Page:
While a vast number of DNAm-based clocks have emerged for the analysis of aging in peripheral blood, only limited research has so far been conducted on epigenetic measures of aging in brain tissue. With the novel Cortical clock developed by Shireby et al. (2020), DNAm age can be assessed in brain samples at an unprecedented level of accuracy measured by root-mean-square error and Pearson correlation of the chronological and predicted age. As such, Cortical clock estimations of DNAm age stand as a considerably better predictor of patients developing pathologic Alzheimer’s disease than Horvath’s clock estimations and as the sole epigenetic clock, among Horvath’s clock, Hannum’s clock, PhenoAge, and GrimAge, that significantly associated to clinical phenotypes of brain function and cognitive decline (Grodstein et al., 2021). Yet, our findings should be viewed in light of the inherent limitations of epigenetic clocks in general. These pertain, for example, to the Illumina platform used to create the clock, that is, the Horvath clock was generated using previous 450K Illumina array and 19 CpG probes are lacking on the EPIC Illumina platform. Limitations arise also from the general or specific biases in estimating epigenetic age, as observed in our data as well, which have been addressed in our study (see Materials and Methods). In our study, we confirmed that the Cortical clock provides less biased estimations of DNAm age in brain tissue than Horvath’s clock. Indeed, it does not exhibit DNAm age underestimation in donors over 60 years, as reported in previous studies using Horvath’s clock (El Khoury et al., 2019; Shireby et al., 2020), which is relevant for the study of neurodegenerative processes affecting older patients. Additionally, the Cortical clock appears less sensitive to DNAm age differences in glial cells across various brain regions in our study. Interestingly, despite using clocks trained on bulk brain tissue, differences in AAR between MS patients and NNC could be visible only in isolated neuronal and non-neuronal fractions as opposed to bulk brain tissue. It remains unclear why the AAR differences are not detected in bulk brain tissue. The limitations arising from bulk tissue analyses have already been acknowledged in a review by Bell et al. (2019), the main challenge is that the cell type-specific epigenetic mosaic becomes obscured when measuring methylation levels in heterogeneous bulk tissues. Similarly, the analysis of the NeuN fraction sorted from brain tissue, including predominantly mixed glial cell types and to a lesser extent non-glial (e.g., endothelial and peripheral immune) cells, could undeniably be biased by cellular heterogeneity. Altogether, these findings highlight the necessity to take into account cell-type specificity in both the development of epigenetic clocks, that is, training on neurons or glial cells independently, and clinical studies of the aging brain.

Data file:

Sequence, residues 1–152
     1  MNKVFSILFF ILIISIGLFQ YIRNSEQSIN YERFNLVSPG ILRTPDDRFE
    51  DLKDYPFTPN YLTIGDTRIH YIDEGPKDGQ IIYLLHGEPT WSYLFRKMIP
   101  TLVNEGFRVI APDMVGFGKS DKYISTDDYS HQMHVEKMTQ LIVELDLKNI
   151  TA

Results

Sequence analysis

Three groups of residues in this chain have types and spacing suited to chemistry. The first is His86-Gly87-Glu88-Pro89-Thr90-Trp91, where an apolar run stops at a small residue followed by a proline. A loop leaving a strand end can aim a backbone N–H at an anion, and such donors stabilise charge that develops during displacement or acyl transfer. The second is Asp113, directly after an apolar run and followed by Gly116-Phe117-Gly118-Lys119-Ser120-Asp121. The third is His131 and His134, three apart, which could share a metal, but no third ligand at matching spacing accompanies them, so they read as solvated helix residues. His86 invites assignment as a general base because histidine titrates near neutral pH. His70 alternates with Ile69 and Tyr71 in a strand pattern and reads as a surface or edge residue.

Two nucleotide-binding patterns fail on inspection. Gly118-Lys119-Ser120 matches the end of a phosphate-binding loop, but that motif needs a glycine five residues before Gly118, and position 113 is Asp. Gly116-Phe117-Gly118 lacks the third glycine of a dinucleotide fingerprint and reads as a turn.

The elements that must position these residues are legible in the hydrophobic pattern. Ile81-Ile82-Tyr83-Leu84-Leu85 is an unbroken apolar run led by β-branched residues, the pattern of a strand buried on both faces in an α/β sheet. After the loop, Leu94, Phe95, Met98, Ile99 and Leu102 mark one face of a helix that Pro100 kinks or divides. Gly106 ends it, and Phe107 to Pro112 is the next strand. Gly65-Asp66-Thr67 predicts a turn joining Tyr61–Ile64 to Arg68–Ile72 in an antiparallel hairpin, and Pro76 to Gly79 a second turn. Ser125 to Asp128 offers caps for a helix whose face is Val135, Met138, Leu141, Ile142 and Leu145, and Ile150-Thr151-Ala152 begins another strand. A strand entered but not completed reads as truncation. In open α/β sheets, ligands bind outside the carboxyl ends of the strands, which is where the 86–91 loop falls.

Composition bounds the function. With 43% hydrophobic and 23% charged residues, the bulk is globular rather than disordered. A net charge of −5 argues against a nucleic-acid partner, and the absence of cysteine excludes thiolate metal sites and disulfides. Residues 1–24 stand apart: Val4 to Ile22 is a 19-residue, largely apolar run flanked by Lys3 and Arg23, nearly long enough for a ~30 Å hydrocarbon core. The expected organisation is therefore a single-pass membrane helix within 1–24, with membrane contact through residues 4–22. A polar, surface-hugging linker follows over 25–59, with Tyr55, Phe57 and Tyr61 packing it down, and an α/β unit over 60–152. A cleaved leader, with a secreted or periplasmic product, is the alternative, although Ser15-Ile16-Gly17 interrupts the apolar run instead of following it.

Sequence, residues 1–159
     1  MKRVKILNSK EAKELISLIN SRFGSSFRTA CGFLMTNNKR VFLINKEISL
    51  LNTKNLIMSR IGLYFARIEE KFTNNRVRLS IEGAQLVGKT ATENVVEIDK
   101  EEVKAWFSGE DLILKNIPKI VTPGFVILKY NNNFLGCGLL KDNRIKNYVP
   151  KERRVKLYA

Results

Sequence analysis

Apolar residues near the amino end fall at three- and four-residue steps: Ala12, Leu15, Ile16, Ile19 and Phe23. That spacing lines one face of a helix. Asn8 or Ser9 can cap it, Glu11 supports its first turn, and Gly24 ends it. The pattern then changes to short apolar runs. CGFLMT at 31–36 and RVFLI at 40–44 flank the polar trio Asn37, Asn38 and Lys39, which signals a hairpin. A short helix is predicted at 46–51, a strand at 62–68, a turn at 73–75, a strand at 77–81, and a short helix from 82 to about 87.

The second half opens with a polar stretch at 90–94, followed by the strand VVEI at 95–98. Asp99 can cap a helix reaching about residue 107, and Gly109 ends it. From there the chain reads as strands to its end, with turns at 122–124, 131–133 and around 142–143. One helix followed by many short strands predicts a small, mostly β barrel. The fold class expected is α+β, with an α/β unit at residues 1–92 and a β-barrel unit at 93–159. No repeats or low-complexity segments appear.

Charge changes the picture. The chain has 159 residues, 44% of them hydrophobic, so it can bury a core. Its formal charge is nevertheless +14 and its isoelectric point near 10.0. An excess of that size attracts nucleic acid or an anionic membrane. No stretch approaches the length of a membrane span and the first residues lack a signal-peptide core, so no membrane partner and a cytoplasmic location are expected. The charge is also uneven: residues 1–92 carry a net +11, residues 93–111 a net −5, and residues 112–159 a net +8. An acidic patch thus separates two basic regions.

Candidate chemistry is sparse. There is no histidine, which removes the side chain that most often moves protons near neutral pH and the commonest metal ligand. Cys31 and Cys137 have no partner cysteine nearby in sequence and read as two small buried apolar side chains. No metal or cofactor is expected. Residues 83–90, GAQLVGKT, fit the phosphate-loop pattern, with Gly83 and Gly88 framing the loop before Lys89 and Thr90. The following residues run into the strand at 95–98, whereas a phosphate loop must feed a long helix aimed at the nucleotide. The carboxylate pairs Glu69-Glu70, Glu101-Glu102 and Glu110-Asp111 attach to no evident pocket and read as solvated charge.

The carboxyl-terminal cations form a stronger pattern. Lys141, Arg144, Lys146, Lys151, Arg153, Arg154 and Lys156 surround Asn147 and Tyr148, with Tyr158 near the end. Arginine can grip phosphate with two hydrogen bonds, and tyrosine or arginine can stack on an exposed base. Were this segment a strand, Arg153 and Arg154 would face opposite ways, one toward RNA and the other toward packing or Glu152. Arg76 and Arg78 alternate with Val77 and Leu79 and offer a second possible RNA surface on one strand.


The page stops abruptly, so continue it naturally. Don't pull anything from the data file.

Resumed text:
The difference between the results from the Cortical clock and Horvath’s clock might be attributed to biologically relevant reasons. Indeed, as only five CpG probes are shared between the Cortical clock and Horvath’s clock, different aspects of aging processes could presumably be captured by each clock, as suggested by our Gene Ontology analysis. The study of the biological underpinnings of AAR might shed light on the interpretation of surprising findings, such as the correlation between positive age acceleration and better prognosis in patients affected by gliomas with Horvath’s clock (Zheng et al., 2020) and negative age acceleration (i.e., “age deceleration”) observed in the most severely affected patients of Huntington’s disease (Horvath et al., 2016). Ultimately, it would be of particular interest to examine the association between epigenetic aging measures and clinical outcomes of MS patients, such as disease duration, disease severity, lesion burden, or cognitive abilities, which might help decipher the sex differences we observed in neurons.